Squid iridescent displays are mesmerising – and mysterious. ‘Squids are the only invertebrates known to exert neural control over their iridescence,’ explains Trevor Wardill, ‘but we still don't know for certain why they use iridescence, and which specific neural pathway is responsible for iridescence control.’ To shed light on these questions, Wardill teamed up with Paloma Gonzalez-Bellido and other colleagues at the Marine Biological Laboratory (MBL) in Woods Hole, Massachusetts, to take a closer look at how and why squid create their stunning visual displays (p.850).
Squid have two colour-changing systems in their skin: small pigment-filled sacs called chromatophores, which can be reshaped by muscles to produce rapid colour changes, and cells called iridocytes, which contain stacked thin platelets that interfere with different light wavelengths to generate iridescence. Both types of cell are known to be controlled by nerve fibres. All of the nerve fibres coming from a squid's brain are packed into a single bundle called the pallial nerve, which splits into two branches. One branch, the fin nerve, goes straight to the fin, but the other, the stellate connective, travels into the stellate ganglion – a small bundle of neurons in the periphery, similar to the ganglia found outside each vertebra along a human's spinal column. ‘We wondered if we could identify the specific neural pathway controlling iridescence by blocking information from each of these branches’, explains Gonzalez-Bellido.
First, the MBL marine resources section collected Atlantic longfin squid outside Woods Hole. Then Gonzalez-Bellido and Wardill cut the squids' pallial nerve using micro-scissors. As they had expected, fin movement stopped and the squids' skin blanched, indicating that both chromatophores and iridocytes had stopped working. When they cut the fin nerve instead, fin movement and chromatophore activity stopped, but iridescence remained bright. In contrast, when they severed the stellate connective, the squid were still able to move their fins and control their chromatophores, but their iridescence was extinguished. ‘This shows that iridescence signals are routed through the stellate ganglion, while chromatophore signals travel through the fin nerve’, says Gonzalez-Bellido. ‘The fact that the neural pathway controlling iridescence differs from the pathway controlling the chromatophores suggests that the iridescence pathway evolved at a different time point, perhaps for a different purpose altogether’, she adds.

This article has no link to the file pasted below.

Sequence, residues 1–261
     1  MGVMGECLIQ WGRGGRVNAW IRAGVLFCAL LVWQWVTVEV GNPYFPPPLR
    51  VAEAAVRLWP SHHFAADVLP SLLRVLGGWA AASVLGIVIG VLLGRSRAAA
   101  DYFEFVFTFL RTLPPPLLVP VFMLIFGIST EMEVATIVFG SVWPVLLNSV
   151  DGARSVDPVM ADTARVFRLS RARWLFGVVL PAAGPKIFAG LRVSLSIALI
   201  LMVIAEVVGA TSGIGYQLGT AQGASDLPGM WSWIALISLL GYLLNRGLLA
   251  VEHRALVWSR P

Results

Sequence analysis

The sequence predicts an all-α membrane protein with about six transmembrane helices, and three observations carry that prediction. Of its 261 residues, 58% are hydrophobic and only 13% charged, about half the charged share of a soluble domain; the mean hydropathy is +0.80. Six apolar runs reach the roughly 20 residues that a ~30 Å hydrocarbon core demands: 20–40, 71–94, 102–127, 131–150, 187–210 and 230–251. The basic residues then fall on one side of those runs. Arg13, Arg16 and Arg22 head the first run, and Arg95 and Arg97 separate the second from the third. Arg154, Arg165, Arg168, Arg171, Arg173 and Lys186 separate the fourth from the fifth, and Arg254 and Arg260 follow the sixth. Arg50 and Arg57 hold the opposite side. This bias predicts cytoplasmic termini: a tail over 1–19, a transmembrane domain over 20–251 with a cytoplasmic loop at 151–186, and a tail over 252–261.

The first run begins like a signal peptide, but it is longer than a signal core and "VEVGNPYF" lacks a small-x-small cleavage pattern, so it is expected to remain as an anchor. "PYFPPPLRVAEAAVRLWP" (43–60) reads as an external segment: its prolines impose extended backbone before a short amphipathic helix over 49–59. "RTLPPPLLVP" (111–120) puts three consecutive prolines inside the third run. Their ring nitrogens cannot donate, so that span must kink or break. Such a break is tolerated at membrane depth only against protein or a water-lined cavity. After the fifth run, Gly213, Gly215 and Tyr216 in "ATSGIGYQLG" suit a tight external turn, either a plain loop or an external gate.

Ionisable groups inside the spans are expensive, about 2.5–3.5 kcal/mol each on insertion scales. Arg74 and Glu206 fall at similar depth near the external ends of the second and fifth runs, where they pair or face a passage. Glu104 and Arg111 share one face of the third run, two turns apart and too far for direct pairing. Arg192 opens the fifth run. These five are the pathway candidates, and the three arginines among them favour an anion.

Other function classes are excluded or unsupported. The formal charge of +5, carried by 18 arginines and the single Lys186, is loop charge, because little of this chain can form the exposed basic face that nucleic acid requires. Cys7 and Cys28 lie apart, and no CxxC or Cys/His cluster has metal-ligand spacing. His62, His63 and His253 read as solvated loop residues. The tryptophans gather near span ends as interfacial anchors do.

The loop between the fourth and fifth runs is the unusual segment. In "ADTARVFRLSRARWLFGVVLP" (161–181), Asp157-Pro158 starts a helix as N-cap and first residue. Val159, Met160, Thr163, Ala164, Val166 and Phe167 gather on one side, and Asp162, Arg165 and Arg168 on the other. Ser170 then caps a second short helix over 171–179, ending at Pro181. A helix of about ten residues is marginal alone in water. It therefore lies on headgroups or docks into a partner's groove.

Gonzalez-Bellido and Wardill realised that their discovery would allow them to measure iridescence changes in a live squid for the first time. Measuring iridescence is tricky, explains Wardill, because active chromatophores can mask iridescence changes. Also, fin movements change the angle of light hitting the skin, making it hard to assess iridescence accurately. So, to stop fin movements and chromatophore activity, the team severed the squids' fin nerves. Then they placed the squid in a blackened tent, and after 1 or 2hours took a flash photo to capture the iridescence at that instant. The dark-acclimated animals showed a decline in iridescence compared with the iridescence seen during an earlier exposure to normal light levels. This is useful, says Wardill: ‘being able to reduce iridescence levels in deeper, darker waters could help squid hide from predators.’ When they exposed the squid to light again, the animals responded by increasing their iridescence.
The team is now one step closer to elucidating the different functions of squid iridescence. ‘Now that we know which specific neural pathway to look for, we can map out on an evolutionary tree which squid species have it and which don't, which may help us discover its function’, says Gonzalez-Bellido.